Apple's (Nasdaq: AAPL ) newest software for Apple TV allows users to stream live content from MLB.tv and the NBA's League Pass service. Interested users will pay $20 a month or $99 a year for MLB.tv while NBA League Pass usually costs around $200 per year.
As one-offs, neither partnership means much. But look at Apple TV as a whole, and you'll find a rapidly maturing platform for televised and filmed entertainment.
The Mac maker's partner roster stretches from News Corp.'s (Nasdaq: NWS ) 20th Century Fox and Sony (NYSE: SNE ) studios in movies to the major TV networks to digital video distributors YouTube and Netflix (Nasdaq: NFLX ) . And now, you can add big-time sports to the list.
I see an ecosystem forming. Unlike Amazon.com's (Nasdaq: AMZN ) Prime or Google's (Nasdaq: GOOG ) search-centric Google TV offering, Apple TV is combining hardware, software, and distribution into a compelling and easy-to-set-up whole. A Mac for your living room, in other words.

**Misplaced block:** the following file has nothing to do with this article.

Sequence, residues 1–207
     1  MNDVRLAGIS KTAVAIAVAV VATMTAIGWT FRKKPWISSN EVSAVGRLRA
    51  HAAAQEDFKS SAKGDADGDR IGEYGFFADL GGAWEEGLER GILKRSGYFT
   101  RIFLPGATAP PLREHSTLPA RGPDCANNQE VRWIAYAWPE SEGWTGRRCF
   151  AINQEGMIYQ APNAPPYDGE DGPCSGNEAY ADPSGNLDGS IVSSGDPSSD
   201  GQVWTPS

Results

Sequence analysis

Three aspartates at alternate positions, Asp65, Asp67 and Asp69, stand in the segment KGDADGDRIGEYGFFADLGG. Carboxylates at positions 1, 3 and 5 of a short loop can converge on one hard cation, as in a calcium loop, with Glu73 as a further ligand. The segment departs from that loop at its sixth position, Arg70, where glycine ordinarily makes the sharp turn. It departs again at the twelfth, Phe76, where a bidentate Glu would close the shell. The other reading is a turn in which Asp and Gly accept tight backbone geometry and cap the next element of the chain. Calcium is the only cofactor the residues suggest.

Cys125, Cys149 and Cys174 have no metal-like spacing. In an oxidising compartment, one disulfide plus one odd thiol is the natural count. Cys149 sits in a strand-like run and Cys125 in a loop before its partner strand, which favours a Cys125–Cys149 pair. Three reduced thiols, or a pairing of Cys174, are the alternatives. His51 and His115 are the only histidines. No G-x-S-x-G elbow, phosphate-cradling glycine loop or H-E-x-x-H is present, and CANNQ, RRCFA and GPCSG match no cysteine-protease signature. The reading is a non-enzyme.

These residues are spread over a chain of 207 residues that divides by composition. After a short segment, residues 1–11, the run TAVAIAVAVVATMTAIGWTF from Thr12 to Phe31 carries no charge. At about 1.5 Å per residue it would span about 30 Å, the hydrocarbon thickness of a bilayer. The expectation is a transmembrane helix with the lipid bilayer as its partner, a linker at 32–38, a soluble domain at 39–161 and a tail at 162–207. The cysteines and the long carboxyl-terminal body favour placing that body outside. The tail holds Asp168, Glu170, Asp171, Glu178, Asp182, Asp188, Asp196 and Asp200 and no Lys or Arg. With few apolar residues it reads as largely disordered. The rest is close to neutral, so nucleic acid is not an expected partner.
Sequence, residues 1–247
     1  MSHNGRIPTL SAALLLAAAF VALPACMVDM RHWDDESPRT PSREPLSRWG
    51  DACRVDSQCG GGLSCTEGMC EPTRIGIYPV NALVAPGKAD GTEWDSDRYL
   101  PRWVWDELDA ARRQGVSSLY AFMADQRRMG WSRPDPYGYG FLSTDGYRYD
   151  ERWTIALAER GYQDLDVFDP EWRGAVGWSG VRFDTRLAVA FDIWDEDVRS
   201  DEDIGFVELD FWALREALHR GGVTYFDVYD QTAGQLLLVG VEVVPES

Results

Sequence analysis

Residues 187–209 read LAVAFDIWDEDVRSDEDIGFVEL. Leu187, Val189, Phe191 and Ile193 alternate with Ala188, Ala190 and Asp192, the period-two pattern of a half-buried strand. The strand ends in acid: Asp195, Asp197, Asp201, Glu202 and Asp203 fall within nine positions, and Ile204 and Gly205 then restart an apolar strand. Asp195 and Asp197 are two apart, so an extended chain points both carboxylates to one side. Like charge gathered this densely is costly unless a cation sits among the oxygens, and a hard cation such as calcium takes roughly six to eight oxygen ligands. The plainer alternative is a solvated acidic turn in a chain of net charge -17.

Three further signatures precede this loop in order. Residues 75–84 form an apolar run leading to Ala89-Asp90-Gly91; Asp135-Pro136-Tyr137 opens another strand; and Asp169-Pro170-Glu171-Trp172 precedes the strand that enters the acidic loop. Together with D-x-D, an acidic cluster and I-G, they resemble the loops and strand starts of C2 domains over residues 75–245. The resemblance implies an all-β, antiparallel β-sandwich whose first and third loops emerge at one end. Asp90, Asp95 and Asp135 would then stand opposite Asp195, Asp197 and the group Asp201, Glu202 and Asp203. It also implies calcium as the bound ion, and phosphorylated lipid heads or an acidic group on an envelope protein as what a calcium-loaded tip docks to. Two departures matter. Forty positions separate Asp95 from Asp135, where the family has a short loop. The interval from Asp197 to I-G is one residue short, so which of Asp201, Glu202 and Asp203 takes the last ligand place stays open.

Consider AirPlay, which allows an iPad or other iOS device to control playback on Apple TV. By itself, the feature doesn't mean much. But when you consider estimates call for tens of millions of iPad 2s to be sold this year alone -- and with both the iPad and Apple TV built to aggregate great content from a wide variety of sources -- it looks as if Apple is creating an interesting entertainment hub.
I'm not the only one who thinks so. Dan Frommer over at Business Insider recently found the $99 Apple TV to be Amazon's 10th-best-selling electronics device. Pretty compelling for a product that was once considered a hobby.
Apple can't say that anymore. This is no hobby; it's a business. And by the looks of it, a well-positioned business that could bring billions to a company already blessed with too much cash. Well-played, Apple.
Do you agree? Disagree? Let us know what you think about Apple TV, the battle for the living room, and what all this means for the traditional cable operators using the comments box below.
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